Thursday, June 15, 2017

'Cars 3' Grows Up With Its Audience



This review originally appeared on SFist.com.

I have a theory that I've, admittedly, not really done much to prove aside from talking to friends with kids: Pixar's Cars movies are the ones parents like the least, while their (often male) kids love them the most.

I know plenty of adults who can burst into tears just talking about Toy Story 3 or Inside Out, but none who speak about Cars or Cars 2 with any genuine sense of fondness. And I tend to agree. I enjoyed the first Cars well enough, mainly because of its mid-century aesthetic, Route 66 setting, and its "stop and smell the roses" message. But Cars 2 was an exhausting assault of color and noise that made the fatal mistake of giving the sidekick the starring role. Neither film made me laugh that much, and they definitely didn't make me cry, which combined are the two things the best Pixar movies always manage to make me do.

Happily, Cars 3 feels like a course correction, with Mater (Larry the Cable Guy) once again relegated to the role of comic relief and Lightning McQueen (Owen Wilson) back in the lead. As the film opens, Lightning is racing again, although he's quickly coming to realize his glory days may be behind him, as more and more "next-gen" race cars join the competition. Those new-school competitors are headed by the unctuous Jackson Storm (Armie Hammer), a sleek black and blue model that can reach speeds over 200 mph thanks to modern tech and some advanced training methods.

An accident (that, be warned, might scare the younger kids) forces Lightning to return to Radiator Springs to recuperate, which mainly consists of his hiding out in his garage with the shades drawn and wearing primer grey paint, the car equivalent of "why even bother" sweats.

After a pep-talk from his girlfriend Sally (Bonnie Hunt) and some flashbacks featuring his beloved mentor Doc Hudson (Paul Newman, in a performance consisting of actual vocal outtakes from Newman as well as some impersonation), Lightning is convinced to suck it up and get back on the track (cue the Rocky III music).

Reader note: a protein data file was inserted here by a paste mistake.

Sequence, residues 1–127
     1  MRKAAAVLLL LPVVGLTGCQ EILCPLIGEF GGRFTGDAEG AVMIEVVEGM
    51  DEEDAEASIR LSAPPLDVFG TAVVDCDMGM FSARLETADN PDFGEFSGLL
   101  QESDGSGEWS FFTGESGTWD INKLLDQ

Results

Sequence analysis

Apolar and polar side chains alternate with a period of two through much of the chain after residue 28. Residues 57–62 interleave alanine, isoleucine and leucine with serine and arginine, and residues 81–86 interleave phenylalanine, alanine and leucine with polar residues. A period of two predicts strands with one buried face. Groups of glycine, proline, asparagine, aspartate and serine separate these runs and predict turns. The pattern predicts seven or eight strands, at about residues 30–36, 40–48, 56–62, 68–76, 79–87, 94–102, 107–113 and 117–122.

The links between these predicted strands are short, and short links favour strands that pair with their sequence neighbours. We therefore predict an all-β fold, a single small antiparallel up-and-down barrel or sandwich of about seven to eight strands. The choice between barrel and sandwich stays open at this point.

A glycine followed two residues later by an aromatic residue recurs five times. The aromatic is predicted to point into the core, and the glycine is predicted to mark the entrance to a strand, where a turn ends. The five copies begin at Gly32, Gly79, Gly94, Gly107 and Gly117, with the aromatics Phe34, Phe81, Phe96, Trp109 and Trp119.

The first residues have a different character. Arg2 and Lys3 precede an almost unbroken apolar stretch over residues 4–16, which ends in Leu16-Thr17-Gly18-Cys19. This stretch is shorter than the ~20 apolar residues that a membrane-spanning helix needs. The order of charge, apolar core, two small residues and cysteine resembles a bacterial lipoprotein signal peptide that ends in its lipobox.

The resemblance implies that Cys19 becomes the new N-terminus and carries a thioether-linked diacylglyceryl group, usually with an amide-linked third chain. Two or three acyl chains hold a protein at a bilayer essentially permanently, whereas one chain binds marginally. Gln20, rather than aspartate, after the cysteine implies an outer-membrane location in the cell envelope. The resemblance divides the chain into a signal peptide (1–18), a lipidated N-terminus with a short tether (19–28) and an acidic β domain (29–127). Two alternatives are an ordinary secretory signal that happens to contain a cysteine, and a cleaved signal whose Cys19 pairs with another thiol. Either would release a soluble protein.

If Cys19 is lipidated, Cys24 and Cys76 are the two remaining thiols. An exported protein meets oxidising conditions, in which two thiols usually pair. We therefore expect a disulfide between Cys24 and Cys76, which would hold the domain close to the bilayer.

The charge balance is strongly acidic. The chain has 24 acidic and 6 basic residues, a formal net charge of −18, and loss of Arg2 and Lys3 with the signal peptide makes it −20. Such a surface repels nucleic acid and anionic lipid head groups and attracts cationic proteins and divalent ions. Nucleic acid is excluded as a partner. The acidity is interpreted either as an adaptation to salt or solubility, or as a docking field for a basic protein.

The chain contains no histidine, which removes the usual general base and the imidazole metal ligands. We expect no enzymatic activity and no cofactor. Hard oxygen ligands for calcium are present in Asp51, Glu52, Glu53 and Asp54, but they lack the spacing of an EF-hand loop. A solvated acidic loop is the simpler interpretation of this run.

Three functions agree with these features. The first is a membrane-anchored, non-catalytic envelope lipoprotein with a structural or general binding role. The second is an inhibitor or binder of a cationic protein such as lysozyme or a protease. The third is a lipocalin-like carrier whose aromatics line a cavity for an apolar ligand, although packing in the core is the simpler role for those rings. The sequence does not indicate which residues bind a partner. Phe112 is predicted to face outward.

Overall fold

Lightning's road to a comeback is also rocky, as Sterling (Nathan Fillion, with a voice that just oozes untrustworthiness), the new owner of Rust-eze, sees Lightning as more of a corporate mascot than an actual champion, placating him with a shiny training facility and a perky trainer named Cruz Ramirez (Cristela Alonzo, an inspired casting choice) who sees Lightning as an ancient relic.

Like the aforementioned Rocky movies, along with plenty of other "comeback" stories, what follows includes training montages, the aging champ clashing with his younger coach, throwing in the towel, and picking it up again.

But then Cars 3 does something unexpected, by propelling a female character into the center of the story. Putting aside the obvious fact that there are girls who like to play with cars, and boys who are happy playing with dolls, Cars, more than any of the other Pixar films, has always felt like a movie for boys, especially when its success has been centered around its car-centric merchandising.

Wonder Woman, which has managed to hold the top box office spot in its second week of release, has proven to be an emotional viewing experience for a lot of women, with reports of some bursting into tears seeing Diana take to the battlefield as Wonder Woman for the first time. I'll admit, I had to fight tears myself. And I had a similar reaction watching Cars 3.

Obsolescence and the fear of forced retirement might seem like odd choices for a children's film, but they're really not that odd in the Pixar universe. Their movies have often grown up alongside their audience; Toy Story 3 was similarly about adulthood, and passing things on to the next generation; Cars 3 follows suit. And in both, the future is female.

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